I’ve written before about Ana’s distinctive cooking in her restaurant, L’Abadia, in the centre of Gandia. Last week we had a chance to dine there again, and once again we were captivated by her inventive way of flavouring.
We began with mussels steamed in a light broth that she’d made just a tad sour, though not as sour as Asian sour soups like Philippine sinigang or Thai tom yam. The broth was so delicious and plentiful enough that we asked for spoons to eat it as soup. Ana had used lemon quarters, several fat cloves of garlic, and fresh bay leaves casually torn into pieces for seasoning.
I love the complexity of flavours that fresh bay leaves give to a dish, and for that reason I make sure to plant bay wherever I am. Even in England, I’d managed to grow a tree from a mere sapling (and it did surprisingly well despite the cold and wet because I’d planted it in front of a brick wall that faced south, thus ensuring it would have radiated warmth at night when the sun shone on it by day, and incorporated lots of pea gravel into the soil for good drainage). Most of my friends are surprised when I say I use bay leaves fresh, instead of dried, which is of course the more usual way of using them, and they are very nice that way too. I was rather pleased to see that Ana uses them fresh as well.
The pièce de résistance was Ana’s paella, featuring seasonal spring vegetables – sweet fava beans and tiny baby artichokes – with chicken and rabbit. Our experience of paella has been rather of the seafood variety, and we have always enjoyed it, except when the rice came exceedingly al dente. Which is to say, quite hard in the middle. Ok, a born rice eater, I won’t mince words – it was what I would call quite raw. I don’t know why very al dente should be a preference for paella – I can understand why pasta should be prepared thus, and prefer mine that way too. But rice?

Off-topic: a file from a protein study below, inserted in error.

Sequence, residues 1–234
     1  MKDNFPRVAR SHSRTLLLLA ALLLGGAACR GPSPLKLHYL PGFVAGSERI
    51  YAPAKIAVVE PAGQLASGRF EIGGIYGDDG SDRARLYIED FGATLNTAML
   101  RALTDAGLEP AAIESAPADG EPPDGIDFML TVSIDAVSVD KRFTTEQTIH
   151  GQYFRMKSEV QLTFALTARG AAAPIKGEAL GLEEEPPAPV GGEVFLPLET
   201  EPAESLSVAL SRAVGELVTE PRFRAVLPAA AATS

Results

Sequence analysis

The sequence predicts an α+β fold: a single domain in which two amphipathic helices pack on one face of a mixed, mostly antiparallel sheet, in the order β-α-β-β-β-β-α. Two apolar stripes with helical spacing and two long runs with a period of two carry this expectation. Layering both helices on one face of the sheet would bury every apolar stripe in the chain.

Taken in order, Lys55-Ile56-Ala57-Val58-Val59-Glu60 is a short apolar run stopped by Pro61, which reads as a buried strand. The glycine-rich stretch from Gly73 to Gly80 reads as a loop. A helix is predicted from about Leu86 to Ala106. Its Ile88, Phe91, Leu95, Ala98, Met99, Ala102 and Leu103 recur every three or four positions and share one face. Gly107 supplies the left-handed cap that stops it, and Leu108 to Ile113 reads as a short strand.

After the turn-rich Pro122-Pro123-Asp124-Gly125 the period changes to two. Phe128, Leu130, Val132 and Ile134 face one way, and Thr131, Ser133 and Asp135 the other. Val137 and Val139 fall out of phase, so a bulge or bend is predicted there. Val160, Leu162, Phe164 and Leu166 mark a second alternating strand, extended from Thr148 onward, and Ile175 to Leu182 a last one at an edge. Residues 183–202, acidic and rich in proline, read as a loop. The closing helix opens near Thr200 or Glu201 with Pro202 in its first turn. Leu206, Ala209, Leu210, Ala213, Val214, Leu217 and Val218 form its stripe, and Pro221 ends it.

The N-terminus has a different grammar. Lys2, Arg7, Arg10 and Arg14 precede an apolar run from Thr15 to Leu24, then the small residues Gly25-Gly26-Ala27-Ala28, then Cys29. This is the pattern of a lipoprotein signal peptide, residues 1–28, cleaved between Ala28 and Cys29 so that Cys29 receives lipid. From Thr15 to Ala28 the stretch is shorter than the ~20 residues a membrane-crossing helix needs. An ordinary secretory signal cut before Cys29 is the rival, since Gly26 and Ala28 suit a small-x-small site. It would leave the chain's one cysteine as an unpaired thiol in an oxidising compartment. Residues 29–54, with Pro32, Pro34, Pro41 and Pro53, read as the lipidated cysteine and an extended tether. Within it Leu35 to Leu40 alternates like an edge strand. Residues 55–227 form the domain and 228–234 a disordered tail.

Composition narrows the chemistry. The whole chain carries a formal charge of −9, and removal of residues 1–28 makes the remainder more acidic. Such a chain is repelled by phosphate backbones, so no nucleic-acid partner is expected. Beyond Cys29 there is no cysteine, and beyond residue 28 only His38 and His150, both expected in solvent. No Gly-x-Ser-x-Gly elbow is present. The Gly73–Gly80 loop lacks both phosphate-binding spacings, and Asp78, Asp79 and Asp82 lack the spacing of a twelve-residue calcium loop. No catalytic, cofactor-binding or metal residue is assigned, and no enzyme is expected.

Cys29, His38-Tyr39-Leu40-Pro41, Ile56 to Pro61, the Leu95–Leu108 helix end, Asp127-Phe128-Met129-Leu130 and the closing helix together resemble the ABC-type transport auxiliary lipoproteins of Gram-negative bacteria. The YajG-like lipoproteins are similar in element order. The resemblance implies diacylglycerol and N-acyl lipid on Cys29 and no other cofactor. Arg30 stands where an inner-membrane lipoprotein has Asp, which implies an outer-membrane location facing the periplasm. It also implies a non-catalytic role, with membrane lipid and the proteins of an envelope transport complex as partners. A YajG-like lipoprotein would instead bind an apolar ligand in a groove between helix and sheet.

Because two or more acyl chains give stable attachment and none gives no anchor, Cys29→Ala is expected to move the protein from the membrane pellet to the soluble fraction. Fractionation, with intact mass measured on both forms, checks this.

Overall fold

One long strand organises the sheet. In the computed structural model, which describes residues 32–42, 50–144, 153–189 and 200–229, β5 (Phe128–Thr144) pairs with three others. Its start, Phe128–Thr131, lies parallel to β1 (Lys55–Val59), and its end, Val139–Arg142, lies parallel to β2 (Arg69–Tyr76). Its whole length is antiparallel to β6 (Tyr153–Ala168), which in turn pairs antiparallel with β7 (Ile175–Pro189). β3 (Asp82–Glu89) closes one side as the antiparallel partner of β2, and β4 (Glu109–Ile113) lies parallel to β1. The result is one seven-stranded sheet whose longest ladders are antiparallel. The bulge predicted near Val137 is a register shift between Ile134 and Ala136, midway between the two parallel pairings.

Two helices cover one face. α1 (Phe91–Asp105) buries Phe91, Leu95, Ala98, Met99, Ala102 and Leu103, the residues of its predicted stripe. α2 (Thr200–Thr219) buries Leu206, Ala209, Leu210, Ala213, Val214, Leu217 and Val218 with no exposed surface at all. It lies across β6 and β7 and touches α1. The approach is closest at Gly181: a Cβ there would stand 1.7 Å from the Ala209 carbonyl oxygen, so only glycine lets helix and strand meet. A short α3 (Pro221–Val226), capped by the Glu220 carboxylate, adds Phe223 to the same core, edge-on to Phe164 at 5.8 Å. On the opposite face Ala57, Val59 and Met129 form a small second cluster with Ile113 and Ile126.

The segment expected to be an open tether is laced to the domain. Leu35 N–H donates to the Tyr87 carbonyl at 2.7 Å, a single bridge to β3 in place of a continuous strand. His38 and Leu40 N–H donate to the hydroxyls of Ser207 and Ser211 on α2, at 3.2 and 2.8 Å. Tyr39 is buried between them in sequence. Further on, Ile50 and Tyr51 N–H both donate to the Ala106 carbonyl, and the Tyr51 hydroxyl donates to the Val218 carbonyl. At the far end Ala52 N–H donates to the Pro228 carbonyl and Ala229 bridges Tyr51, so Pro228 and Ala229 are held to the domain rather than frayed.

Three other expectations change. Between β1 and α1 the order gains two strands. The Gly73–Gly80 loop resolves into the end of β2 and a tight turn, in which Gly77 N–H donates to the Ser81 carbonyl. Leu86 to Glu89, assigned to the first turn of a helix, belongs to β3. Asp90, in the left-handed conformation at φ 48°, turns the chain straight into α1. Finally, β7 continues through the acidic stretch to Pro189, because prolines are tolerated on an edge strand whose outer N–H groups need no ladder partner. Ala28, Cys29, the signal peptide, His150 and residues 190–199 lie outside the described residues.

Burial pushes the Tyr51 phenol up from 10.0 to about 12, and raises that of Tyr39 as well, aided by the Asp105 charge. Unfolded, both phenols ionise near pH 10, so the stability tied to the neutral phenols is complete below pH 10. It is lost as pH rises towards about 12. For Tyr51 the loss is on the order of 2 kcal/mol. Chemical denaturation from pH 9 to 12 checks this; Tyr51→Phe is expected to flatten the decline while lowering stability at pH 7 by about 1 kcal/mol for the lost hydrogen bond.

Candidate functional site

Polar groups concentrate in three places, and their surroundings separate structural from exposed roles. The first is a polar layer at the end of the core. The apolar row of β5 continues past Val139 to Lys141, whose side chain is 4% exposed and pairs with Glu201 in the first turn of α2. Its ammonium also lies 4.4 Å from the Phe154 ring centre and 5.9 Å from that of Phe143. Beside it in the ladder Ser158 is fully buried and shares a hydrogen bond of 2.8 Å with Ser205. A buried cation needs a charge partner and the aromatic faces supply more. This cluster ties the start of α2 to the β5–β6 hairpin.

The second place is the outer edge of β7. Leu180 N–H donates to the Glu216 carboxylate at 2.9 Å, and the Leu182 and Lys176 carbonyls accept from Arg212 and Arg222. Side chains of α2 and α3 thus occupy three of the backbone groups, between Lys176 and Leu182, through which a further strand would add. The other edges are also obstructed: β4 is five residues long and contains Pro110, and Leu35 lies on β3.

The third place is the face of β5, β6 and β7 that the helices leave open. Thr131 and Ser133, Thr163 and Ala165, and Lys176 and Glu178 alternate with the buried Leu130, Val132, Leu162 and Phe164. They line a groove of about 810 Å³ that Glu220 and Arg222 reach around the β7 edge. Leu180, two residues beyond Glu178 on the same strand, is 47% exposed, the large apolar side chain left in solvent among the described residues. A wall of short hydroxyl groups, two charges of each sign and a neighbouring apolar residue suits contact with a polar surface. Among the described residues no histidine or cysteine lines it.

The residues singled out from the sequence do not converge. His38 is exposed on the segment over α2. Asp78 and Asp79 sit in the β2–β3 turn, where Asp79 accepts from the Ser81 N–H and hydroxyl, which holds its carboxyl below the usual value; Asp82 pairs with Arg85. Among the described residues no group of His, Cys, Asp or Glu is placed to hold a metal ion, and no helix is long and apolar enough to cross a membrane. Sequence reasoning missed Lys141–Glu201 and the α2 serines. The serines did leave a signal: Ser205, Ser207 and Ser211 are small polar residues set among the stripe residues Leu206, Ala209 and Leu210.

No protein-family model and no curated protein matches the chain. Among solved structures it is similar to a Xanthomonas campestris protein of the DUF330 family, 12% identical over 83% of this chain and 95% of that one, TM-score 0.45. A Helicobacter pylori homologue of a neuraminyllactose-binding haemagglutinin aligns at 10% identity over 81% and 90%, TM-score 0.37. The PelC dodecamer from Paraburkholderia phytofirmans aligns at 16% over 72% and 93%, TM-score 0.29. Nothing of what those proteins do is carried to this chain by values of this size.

In one quite famous restaurant in Barcelona, where people without reservations (including us) had waited over an hour to be seated at lunchtime (and I assumed this signaled that the food would be outstanding), I was disappointed at the quality of their paella real. I didn’t find anything real (royal) at all about rice that comes quite raw, but this is just my humble and very plebeian observation. (Actually, it was dubbed “royal” because all the seafood had been peeled or shelled beforehand.)
Ana’s paella thankfully didn’t come al dente – the rice came perfectly cooked through, having thoroughly absorbed all the robust richness of chicken and rabbit broth. The tender artichokes and very young sweet fava beans added a satisfying earthiness and depth that offset the flavourful meat. Sweet pepper and aubergine slices added brightness in colour, and taste as well. Ana had a light hand with spices, so that each ingredient tasted of its own natural goodness. The acidity of lemon juice sprinkled over was a nice touch.
Ana came out from the kitchen to ask how we liked it. We were profuse in expressing our enjoyment. She smiled broadly, “It’s different from the usual seafood paella that most people know,” she said. “It’s called paella campestre – typical of this region. You know, you go out into the field or the garden, and see what’s coming up, what looks good. You see some fava beans that look ready to eat while they’re still young and sweet, you can even eat them raw, and then you go check the artichokes and pick the tiniest ones, before their chokes have toughened. And you’ve got yourself the makings of a nice lunch.” And indeed it truly was.
Ana’s paella campestre called to mind a similar Japanese way of showcasing the earliest vegetables of the season by adding them to be steamed together with plain, white rice: wild greens like butterbur or tsukushi (horsetails) in early spring; chestnuts or wild fungi like matsutake (pine mushrooms) in the autumn.
I’m truly glad that we’d followed our instincts when we spied L’Abadia’s blackboard set on the lovely pedestrian shopping street of Carrer Major, that very first time we went to Gandia. Otherwise we would not have chanced upon it, as its quite private location on a cul-de-sac on Carrer Abadia is a bit removed from the other restaurants on Plaça Major, the square with the statue of Sant Francesc de Borja.